BUKIT LANJAN: Start recognising local talent for Malaysia’s future!

BUKIT LANJAN: Start recognising local talent for Malaysia’s future!

19-year-old Chan Hao Shan is reportedly set to be Malaysia’s youngest ever medical doctor.

From the report reproduced below, Chan is born with a higher ability or talent to achieve academic excellence than others.

No matter what, congratulations is in order to Chan who has done Malaysia proud.

“What I am wondering is why she had to pursue her Bachelor of Surgery (MBBS) from Taylor's University but not in a reputable public university.

“Why wasn’t she given a full government scholarship to pursue her medical studies in a reputable university, say in the US or UK,” Gerakan Deputy Speaker Syed Abdul Razak Alsagoff said.

He said state and federal governments must start recognising talent and groom them to be world class contributors to Malaysia’s socio-economic progress.

“Nothing can replace talent and competency. Recognising talent and competency cannot be based on skin colour or religion. It must be based on Malaysian,” he added.

Syed Razak, who is Gerakan’s nominee to contest N.37 Bukit Lanjan in the coming 14th General Election (GE14), said: “I stress again that both state and federal governments must recognise talent or world class achievers in any field, use them in nationwide tours to motivate others to strive and achieve excellence. (Read this for context: https://bukitlanjan.blogspot.my/2017/07/bukit-lanjan-kudos-its-world-champion.html )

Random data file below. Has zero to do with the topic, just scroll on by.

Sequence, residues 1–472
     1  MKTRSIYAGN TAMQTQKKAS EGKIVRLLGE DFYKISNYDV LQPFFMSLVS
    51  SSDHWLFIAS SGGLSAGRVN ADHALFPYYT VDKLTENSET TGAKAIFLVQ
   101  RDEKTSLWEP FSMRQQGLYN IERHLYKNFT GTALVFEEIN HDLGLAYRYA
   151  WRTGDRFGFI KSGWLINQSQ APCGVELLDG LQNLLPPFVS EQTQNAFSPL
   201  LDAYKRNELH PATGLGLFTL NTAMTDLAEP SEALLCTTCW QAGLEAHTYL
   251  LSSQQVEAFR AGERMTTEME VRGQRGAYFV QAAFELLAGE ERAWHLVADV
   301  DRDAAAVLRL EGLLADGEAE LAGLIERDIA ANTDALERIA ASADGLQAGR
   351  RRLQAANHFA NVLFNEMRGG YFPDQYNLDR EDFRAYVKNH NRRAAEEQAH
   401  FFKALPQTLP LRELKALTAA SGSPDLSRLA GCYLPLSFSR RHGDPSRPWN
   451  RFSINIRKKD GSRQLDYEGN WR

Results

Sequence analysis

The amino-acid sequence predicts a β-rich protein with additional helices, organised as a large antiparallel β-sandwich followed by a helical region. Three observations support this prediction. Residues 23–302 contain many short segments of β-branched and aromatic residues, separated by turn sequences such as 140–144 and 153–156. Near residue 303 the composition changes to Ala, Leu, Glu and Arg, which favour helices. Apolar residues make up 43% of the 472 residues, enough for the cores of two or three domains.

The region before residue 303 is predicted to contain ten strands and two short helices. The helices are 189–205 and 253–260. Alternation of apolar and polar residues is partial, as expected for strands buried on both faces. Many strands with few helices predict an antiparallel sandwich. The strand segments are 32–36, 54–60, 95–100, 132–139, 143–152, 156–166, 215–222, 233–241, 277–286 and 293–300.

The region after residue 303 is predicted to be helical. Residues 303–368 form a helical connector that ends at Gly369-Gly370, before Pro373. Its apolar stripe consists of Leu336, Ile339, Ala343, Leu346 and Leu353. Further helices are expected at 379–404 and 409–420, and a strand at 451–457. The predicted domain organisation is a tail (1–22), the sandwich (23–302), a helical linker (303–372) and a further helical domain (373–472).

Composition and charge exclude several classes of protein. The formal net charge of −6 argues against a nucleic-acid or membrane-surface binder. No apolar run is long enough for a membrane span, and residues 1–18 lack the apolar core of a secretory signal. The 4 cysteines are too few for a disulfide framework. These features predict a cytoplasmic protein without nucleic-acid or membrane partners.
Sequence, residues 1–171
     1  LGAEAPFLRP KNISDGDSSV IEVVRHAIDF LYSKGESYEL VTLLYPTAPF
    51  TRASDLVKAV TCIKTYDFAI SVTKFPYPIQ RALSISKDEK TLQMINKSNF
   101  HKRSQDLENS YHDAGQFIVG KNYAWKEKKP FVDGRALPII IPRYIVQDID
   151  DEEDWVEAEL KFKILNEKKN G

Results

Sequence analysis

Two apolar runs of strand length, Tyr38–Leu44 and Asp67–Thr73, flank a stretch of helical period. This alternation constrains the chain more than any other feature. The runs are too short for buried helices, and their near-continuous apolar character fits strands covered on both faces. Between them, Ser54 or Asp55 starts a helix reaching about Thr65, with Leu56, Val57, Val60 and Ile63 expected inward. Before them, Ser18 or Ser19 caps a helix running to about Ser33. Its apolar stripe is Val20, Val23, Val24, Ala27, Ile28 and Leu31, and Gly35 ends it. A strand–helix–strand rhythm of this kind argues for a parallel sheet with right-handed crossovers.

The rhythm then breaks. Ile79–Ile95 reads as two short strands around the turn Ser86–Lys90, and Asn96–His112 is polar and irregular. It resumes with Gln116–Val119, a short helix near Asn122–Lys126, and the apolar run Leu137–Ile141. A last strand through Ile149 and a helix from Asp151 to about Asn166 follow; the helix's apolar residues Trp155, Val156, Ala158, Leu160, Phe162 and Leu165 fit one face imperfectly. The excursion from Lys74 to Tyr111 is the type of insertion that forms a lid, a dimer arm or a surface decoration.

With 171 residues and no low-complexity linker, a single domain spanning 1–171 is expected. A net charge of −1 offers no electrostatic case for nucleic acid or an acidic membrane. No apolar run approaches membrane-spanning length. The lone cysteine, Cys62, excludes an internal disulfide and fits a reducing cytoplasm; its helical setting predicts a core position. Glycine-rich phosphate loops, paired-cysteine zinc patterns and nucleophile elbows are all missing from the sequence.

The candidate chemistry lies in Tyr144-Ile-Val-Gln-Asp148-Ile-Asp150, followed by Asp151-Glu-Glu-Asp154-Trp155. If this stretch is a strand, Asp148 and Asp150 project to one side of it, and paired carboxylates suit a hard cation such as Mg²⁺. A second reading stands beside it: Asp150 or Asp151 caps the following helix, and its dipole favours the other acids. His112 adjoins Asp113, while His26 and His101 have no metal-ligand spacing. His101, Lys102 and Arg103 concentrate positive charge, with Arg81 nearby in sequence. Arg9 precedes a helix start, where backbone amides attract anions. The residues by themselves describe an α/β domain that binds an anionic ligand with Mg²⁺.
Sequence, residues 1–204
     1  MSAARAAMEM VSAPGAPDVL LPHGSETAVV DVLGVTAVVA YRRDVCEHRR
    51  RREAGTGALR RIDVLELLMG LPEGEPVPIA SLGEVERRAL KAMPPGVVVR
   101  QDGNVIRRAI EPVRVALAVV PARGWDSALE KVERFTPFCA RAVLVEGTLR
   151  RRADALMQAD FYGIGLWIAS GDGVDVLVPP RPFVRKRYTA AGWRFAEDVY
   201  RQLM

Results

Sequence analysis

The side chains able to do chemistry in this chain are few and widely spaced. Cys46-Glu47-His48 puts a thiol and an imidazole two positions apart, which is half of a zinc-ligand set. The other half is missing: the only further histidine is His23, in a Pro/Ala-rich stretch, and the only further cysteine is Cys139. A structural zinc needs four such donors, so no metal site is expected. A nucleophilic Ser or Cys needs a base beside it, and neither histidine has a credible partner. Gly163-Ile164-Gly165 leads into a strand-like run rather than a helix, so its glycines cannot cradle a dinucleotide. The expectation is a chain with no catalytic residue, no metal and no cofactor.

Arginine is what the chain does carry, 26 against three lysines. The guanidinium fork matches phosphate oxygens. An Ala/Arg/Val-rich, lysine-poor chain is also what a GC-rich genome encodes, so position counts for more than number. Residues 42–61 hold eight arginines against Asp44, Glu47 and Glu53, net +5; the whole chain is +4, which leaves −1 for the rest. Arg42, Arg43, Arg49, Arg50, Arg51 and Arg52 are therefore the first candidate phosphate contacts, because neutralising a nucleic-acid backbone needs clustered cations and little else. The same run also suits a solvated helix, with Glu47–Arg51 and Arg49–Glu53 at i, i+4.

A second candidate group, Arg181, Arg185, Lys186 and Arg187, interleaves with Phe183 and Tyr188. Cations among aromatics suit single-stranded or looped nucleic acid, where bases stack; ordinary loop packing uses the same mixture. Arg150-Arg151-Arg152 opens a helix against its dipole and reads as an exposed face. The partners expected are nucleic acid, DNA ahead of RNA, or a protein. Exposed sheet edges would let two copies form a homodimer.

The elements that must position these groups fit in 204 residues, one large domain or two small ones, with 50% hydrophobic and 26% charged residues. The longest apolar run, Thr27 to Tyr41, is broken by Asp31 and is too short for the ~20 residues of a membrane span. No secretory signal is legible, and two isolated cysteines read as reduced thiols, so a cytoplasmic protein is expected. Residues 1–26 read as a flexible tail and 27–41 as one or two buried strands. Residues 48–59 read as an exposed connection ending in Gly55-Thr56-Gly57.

“There are no two ways about this. We need as many talent as possible to raise the quality of our human capital in every field of society and economy.

“Without or lack of quality human capital, Malaysia really cannot go far.”

Also, Team Malaysia won 20 gold medals in the 21st World Championships of Performing Arts (WCOPA) that was held in the United States recently.

So, are these world beaters to be left unrecognised? Reward them!

Wouldn't it also be absolutely marvelous for the state and federal governments to host fund-raising dinners (for a good cause) to gather all the above young talents and help motivate excellence achievers?

Here are three stories of young talents for everyone to ponder:

"19-year-old set to be Malaysia’s youngest doctor

Posted on 10 July 2017 - 03:01pm
Last updated on 10 July 2017 - 05:08pm

Chan Hao Shan — Sin Chew
PETALING JAYA: Chan Hao Shan, 19, will be Malaysia's youngest doctor when she graduates with her Bachelor of Medicine, Bachelor of Surgery (MBBS) from Taylor's University next year.

She found her calling when her mother was diagnosed with breast cancer when she was just eight years old.

That motivated Chan to read more about the human body and the functions of its organs.

"I was curious with the functions of a human body. For instance, I was curious about what really happens in the throat when humans swallow something," she said.

In an interview with Sin Chew, Chan said she developed a passion for reading at a young age and would select her books when her parents took her to the book store.

Her father is an engineer, while her mother is an accountant.

Since Chan was academically ahead of children her age, her parents transferred her to an international school after just three years at a Chinese primary school in Kuala Lumpur.